Published: 31st January 2020
This specially-abled cartoonist from Bidar creates cartoons that are brilliantly satirical. Check it out!
Sharad Kulkarni might be wheelchair-bound but his imagination definitely isn't. We talk to him to trace his challenging journey and his cartoons that have gone viral recently
As kids, picking up the newspaper just to read those simple cartoons that often drove the point home in just a few words was almost mandatory. Probably, these wise cartoons are the reason we still pick up the newspaper today. Let's meet one of the brains behind such cartoons — Sharad Kulkarni, a specially-abled artist from Bidar whose cartoons are extraordinary, meaningful and relevant to the current times. Despite being wheelchair-bound since childhood, he never gave up hope. He says, "I was infected with polio when I was just a year old and from then onwards, I haven't been able to walk independently."
Sharad's journey has been no less than a roller coaster ride. After passing class X with a distinction, he chose to pursue a Diploma in Art course from Sri Veerabhadreshwara Fine Arts College. After completing it in 2001, he applied for the position of an Arts teacher in schools. He even personally approached schools and colleges to apply but many of them turned him down citing the reason that he wouldn't be able to do justice to the job as he is wheelchair-bound. He shares emotionally, "They should have recognised my talent instead of looking at my disability. However, I did not remain idle for long. In 2005, I went on to pursue a Graphic Design course from Arena Animation in Hyderabad."
The drone cartoon drawn by Sharad that went viral
After spending a good two years learning the relevant skills, Sharad bagged a job in a Hyderabad-based company that designs e-books. And it was here that, for the first time, Sharad felt his hard work had finally paid off. "I worked as a Graphic Designer and even drew illustrations for them. But during the 2011 recession, I lost my job. With not much work left to do in Hyderabad, I returned to Bidar." says this cartoonist who draws inspiration from his own day-to-day experiences.
Narrating what led him to switch to cartoons, Sharad explains, "Drawing cartoons was not new for me. Even when I was studying and working, I would draw cartoons. In 2012, I got enough time to think about my career. I chose to draw cartoons and the very first one I drew went viral. Do you remember the Coalgate scam that happened during former PM Manmohan Singh's tenure? My cartoon depicted the former PM wearing a gold medal for his involvement in the scam, DMK leader A Raja wearing a silver medal for his alleged involvement in the 2G scam and former president of the Indian Olympic Association Suresh Kalmadi wearing a bronze medal for his involvement in the 2010 Commonwealth Games scam. My cartoons were appreciated and daily and weekly newspapers, including magazines across all languages started publishing them. There was no looking back from there."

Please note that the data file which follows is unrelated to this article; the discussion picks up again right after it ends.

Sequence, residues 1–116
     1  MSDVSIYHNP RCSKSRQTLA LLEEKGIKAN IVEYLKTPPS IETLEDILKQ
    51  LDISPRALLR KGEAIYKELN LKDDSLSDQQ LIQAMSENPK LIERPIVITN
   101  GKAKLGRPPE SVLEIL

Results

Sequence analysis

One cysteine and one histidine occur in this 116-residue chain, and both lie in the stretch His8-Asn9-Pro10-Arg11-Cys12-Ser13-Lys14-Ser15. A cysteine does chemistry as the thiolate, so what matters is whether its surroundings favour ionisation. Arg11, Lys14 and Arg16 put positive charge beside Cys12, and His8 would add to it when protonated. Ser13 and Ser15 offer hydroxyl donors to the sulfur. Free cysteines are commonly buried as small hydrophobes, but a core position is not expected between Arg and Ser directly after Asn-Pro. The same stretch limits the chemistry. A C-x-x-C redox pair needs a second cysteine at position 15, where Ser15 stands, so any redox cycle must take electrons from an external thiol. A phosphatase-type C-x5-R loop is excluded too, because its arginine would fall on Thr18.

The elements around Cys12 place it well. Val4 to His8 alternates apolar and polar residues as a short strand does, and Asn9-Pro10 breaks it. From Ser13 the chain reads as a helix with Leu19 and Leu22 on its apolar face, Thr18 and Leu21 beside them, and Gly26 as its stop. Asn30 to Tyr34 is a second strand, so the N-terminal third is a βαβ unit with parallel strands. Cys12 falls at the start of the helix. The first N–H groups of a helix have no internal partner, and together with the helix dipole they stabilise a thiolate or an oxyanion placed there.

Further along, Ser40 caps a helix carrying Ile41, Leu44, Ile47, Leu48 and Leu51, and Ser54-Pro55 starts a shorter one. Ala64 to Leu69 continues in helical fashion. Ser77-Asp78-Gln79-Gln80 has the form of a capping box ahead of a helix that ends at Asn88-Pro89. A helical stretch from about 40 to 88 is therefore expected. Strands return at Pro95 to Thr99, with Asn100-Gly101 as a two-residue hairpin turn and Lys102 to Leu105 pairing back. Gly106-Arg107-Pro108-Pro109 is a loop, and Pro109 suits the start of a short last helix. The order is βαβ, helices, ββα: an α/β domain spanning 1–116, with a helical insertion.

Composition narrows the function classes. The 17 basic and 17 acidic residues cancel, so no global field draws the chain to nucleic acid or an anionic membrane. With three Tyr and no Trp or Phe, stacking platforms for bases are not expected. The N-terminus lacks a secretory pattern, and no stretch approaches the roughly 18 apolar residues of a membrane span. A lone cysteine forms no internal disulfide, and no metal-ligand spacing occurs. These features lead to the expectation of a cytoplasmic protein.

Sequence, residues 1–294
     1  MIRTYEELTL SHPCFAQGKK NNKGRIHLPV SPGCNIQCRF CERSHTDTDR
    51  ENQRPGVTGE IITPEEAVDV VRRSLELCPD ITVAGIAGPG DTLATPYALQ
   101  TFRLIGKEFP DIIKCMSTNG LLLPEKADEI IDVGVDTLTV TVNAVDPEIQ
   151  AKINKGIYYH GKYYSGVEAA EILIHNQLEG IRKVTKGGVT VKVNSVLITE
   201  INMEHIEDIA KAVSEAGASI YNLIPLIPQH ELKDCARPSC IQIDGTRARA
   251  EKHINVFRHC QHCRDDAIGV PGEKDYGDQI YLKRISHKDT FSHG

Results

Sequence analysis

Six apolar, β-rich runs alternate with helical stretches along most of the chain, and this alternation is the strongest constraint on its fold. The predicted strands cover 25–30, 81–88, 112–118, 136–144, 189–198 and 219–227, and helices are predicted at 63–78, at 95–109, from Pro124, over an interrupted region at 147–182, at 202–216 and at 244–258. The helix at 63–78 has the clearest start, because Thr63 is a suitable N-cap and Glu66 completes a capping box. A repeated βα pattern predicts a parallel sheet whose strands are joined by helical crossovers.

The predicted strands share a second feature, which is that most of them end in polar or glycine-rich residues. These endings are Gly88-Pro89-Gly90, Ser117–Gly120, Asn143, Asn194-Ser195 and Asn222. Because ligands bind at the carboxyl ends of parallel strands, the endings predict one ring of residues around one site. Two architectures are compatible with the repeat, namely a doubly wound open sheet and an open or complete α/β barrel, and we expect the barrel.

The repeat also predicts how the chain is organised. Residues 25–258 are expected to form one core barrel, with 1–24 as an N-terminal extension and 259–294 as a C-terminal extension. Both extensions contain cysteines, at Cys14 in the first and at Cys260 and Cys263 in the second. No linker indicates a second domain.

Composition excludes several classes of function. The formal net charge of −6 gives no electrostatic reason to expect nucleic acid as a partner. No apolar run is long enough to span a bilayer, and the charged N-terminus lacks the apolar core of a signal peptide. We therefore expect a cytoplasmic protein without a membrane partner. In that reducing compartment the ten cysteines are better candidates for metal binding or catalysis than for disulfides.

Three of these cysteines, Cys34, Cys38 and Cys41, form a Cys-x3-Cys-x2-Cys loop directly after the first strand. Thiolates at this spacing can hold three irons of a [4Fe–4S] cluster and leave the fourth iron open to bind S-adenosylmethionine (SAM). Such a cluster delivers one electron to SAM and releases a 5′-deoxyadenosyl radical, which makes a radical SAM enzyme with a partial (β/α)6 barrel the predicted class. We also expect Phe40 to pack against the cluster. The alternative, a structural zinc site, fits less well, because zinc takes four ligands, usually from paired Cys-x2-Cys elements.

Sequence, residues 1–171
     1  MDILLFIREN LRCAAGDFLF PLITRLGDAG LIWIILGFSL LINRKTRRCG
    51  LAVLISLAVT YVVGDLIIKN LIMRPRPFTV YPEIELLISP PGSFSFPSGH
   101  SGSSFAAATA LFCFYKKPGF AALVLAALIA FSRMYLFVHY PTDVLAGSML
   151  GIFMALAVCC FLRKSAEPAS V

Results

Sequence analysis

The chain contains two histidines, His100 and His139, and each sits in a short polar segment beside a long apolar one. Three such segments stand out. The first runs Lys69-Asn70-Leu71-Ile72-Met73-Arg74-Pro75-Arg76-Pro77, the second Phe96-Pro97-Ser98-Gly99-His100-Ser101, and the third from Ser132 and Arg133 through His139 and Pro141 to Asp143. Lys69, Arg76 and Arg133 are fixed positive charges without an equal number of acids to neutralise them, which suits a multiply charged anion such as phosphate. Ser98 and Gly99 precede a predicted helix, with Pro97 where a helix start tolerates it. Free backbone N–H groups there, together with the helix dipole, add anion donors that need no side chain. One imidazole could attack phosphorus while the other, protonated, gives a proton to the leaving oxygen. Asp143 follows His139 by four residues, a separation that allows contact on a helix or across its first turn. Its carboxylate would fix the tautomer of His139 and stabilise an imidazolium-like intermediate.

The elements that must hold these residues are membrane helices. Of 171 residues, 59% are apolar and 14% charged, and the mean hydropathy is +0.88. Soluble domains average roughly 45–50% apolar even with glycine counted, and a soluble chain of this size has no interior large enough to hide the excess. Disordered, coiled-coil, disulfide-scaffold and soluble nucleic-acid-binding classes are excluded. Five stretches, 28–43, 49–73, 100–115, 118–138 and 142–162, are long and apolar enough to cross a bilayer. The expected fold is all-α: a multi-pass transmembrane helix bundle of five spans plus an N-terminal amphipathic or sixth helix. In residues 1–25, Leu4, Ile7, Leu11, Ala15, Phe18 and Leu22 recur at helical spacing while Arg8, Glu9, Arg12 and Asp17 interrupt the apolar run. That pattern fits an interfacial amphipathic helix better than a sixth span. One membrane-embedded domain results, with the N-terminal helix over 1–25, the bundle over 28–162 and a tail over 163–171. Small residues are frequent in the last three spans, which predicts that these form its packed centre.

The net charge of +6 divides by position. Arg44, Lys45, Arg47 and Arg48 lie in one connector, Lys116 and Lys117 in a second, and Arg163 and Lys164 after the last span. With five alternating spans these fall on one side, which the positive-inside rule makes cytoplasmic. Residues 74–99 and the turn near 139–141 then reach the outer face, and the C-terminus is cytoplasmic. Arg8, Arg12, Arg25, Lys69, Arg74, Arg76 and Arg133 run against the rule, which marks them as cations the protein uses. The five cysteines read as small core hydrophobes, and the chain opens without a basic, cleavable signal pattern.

One of Sharad's cartoons was of a man whose eyes were closed with a piece of cloth, hands locked, mind placed inside a cage and mouth locked in a jail depicts restricting Freedom of Expression
Sharad uses Adobe Flash to draw his cartoons. But before he proceeds drawing them on his laptop, he prefers visualising and drawing them on paper first. "This gives me a clearer picture of the message I want to convey. I draw at least five to six cartoons every day. Since I move myself around with my hands, it becomes difficult to apply pressure on my hand while drawing. I am paid on the basis of whether my cartoon gets published or not. Currently, I am a freelance cartoonist but I want to be a full-time one so that I can get a decent salary to lead a comfortable life," he says.
When we ask Sharad about his cartoons that have gone viral recently, he says, "There was a severe drought in Karnataka and our neighbouring states. It led to water wars among people. One of my cartoons depicted a woman carrying a pot full of water and another woman threatening her at knifepoint for the pot of water. Another cartoon showcased the impact of technology. As we are surrounded by drones, we never know when the day will come when a dead person's body is lifted by four drones instead of four people. This cartoon showed the same situation — a boy operating drones to transport a body to the cemetery."